There’s a lot going on here, as M. Justin Wilkinson explains:
While in orbit over the Brazilian coast, an astronaut aboard the International Space Station took this photograph of some of the country’s famous coastal lagoons. This view shows a short 20-kilometer (12-mile) stretch of a lagoon shoreline where pointed sand spits jut into waters of Mangueira Lagoon (Lagoa Mangueira). The ends of the spits are under water, growing less visible with increasing depth. [...]
The spits and bays have a somewhat regular spacing, at least in geological terms. They are created as lagoon water slowly circulates while being driven by persistent sea breezes out of the east (top of the image). The water washes into the bays and then curves back out into the lagoon, carrying sand eroded from the shoreline. This sand is deposited in the tight, tan-colored lines we see as spits.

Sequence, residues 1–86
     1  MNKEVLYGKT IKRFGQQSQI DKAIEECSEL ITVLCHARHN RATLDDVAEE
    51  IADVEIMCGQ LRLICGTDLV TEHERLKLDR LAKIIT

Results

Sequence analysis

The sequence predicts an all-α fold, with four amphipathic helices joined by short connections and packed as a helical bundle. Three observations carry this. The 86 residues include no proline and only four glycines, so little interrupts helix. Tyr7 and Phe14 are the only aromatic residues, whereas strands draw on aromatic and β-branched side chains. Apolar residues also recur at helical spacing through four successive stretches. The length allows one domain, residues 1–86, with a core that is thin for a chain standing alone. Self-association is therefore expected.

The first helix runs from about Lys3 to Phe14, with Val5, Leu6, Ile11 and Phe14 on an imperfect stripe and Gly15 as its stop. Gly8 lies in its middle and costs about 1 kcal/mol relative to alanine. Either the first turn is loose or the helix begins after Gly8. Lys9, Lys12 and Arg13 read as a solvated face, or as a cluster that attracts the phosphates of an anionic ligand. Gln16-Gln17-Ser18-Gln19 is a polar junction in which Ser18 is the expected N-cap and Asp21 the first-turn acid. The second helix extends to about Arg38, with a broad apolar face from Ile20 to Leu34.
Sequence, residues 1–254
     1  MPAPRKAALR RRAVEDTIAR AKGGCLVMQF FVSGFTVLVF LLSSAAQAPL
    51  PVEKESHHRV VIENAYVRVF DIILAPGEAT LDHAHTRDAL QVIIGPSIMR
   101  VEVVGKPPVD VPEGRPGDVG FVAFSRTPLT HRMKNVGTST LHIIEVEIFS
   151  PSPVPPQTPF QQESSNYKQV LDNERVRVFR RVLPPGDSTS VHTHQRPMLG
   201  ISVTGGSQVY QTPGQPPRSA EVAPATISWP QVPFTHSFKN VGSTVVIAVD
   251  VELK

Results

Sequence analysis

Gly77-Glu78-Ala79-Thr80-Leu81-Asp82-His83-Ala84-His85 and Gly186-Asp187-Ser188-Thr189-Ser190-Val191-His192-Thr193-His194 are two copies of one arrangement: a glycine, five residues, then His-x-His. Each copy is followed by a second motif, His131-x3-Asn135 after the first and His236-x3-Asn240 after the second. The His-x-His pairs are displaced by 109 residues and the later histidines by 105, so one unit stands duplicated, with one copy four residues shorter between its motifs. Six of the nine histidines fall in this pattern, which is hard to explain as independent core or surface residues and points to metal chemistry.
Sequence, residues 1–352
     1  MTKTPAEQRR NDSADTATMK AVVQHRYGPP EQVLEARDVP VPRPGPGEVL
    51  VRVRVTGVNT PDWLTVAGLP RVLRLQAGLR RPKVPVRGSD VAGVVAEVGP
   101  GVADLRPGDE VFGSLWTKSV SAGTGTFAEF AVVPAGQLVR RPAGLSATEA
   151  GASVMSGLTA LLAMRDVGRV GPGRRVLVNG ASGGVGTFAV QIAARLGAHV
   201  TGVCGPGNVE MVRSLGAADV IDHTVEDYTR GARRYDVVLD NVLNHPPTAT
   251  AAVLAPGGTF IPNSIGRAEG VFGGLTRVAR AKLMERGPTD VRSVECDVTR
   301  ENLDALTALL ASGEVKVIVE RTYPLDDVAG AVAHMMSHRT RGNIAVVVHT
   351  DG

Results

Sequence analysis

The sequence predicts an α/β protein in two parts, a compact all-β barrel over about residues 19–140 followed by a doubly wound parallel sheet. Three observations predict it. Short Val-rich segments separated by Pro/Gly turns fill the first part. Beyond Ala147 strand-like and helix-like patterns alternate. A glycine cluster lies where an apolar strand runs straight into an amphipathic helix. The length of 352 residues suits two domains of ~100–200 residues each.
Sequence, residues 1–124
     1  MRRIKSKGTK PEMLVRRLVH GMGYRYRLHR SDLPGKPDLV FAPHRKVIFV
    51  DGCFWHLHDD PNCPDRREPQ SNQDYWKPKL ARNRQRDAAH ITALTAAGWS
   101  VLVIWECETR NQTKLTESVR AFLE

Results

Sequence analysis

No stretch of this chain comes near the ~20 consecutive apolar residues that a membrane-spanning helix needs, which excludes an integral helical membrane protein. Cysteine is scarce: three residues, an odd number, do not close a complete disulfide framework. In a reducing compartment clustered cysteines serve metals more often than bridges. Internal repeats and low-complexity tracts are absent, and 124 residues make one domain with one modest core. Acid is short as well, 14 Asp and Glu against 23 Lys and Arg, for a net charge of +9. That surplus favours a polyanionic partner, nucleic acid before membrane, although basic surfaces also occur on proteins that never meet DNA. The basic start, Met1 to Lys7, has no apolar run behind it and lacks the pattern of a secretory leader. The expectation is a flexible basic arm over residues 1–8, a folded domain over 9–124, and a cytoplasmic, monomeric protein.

The cells of circulating water tend to be the same size, depending on water depth, dominant wind strength, and the amount of sand available—translating into spits at roughly regular intervals. Regularly spaced spits form in many parts of the world, for instance along the coast of the Sea of Azov in southern Ukraine.
Here’s a view of one of those Ukrainian spits from the ground:
From Azov’s Wiki page:
The sea is largely affected by the inflow of numerous rivers, which bring sand, silt, and shells, which in turn form numerous bays, limans, and narrow spits. Because of these deposits, the sea bottom is relatively smooth and flat with the depth gradually increasing toward the middle. Also, due to the river inflow, water in the sea has low salinity and a high amount of biomass (such as green algae) that affects the water colour. Abundant plankton results in unusually high fish productivity. The sea shores and spits are low; they are rich in vegetation and bird colonies.
That rich vegetation can been seen from this inaugural installment of Azov by Air:
(See all Orbital Views here)